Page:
When I first read Kevin Maney’s discussion of “the Fidelity Swap” I have to admit I was puzzled by his use of theÂ word “fidelity” as a way to describe a user experience. I thought perhapsÂ there was aÂ certain meaning ofÂ fidelity that I somehow overlooked. But the closest I can come is the use ofÂ fidelity to describe the accuracy or overall effect ofÂ audio or images. High fidelityÂ is superior to low fidelity. So a high fidelity experience would be superior to a low fidelity experience.Â ManeyÂ takes it beyond that though. He describes fidelity as the “the total experience of something.” Confused yet? Perhaps the simplest way to express it isÂ that high fidelity represents a complete and all encompassing experience. This idea of fidelity resonated with me because I have previously observed that while WOW experiences are valuable, UX needs to involve a totality of experience. It needs to encompass all that happens in the library.
Somewhat opposite or contrasting to fidelity is convenience. Think of convenience as things that are simple, easily available and at a cheap price (which makes it accessible). According to Manley the most successful products and services are at either end of the spectrum. They are super high fidelity (iPhones, Cirque du Soleil) or super high convenience (text messaging, convenience stores). His advice is that you should never try to be both high fidelity and high convenience.
Take Starbucks for example. Their coffee experience was high fidelity but when they tried to add high convenience by adding many additional outlets (well ridiculed here). That strategy was a serious setback for the company. He also observes that advances in technology and innovation push the boundaries ofÂ fidelity and convenience further out over time. For example, music CDsÂ and players surpassed the fidelity of cassettes and their players. CDs were then surpassed by digital music.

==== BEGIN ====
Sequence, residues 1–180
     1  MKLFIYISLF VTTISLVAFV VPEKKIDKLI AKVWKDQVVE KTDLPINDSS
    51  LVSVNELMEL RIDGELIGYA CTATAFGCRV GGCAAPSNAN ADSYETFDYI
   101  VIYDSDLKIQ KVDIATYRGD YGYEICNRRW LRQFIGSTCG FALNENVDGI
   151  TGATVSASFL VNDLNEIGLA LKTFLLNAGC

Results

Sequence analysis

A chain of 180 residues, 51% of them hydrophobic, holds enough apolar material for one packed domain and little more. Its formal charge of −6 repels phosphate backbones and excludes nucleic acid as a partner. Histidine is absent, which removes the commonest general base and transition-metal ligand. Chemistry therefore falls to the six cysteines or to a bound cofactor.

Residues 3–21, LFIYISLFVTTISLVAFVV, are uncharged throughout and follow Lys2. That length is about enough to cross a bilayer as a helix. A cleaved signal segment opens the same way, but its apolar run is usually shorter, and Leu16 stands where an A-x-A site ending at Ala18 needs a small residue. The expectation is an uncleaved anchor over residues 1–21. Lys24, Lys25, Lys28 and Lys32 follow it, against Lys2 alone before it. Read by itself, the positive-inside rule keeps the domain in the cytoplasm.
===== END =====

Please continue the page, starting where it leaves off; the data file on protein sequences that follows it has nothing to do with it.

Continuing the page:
Not that libraries were ever sterling examples of high fidelity, but they were certainly surpassed by the fidelity and convenience combination offered by Internet search engines. I would not describe search engines as high fidelity owing to their lower quality and inconsistent results. But for most people they are high on the convenience spectrum.
Maney suggests that we can chart the most successful products in any industry with something he calls the Fidelity Swap. Those top products are either super high fidelity or super convenient. Keep in mind that fidelity is a mix of both tangible and perceived quality. I played around with the Fidelity Swap in an attempt to chart libraries and search engines â€“ two players in the information retrieval industry.
Because of actual convenience and perceived quality I believe that a search engine like Google could very well defy Maneyâ€™s caution against being both high fidelity and high convenience. For college students Wikipedia could be an even better example of high fidelity and high convenience.Â According to a recent paper from Project Information Literacy students overwhelmingly visit Wikipedia to start their research. So how do libraries fare? Iâ€™d put libraries high up on the fidelity scale but given what we hear from users itâ€™s difficult to justify a high score on the convenience scale. The library could have a convenient location. The library could offer everything for free. It could make access to resources convenient. But what ultimately drags the library down are the databases and the challenges associated with using them to find information.Â Search engines haveÂ permanently altered the end user’s perception of perceived quality.Â
Whether you think about it as the totality of experience or fidelity, our libraries need to keep in mind the Fidelity Swap. It should remind us that users judge the experience we deliver on multiple levels. If we canâ€™t be as convenient (free, easy to get, easy to use) as search engines perhaps we should take Maneyâ€™s advice and aim for high fidelity and not worry about convenience. It all comes down to thinking strategically about how and where we position ourselves in the information industry.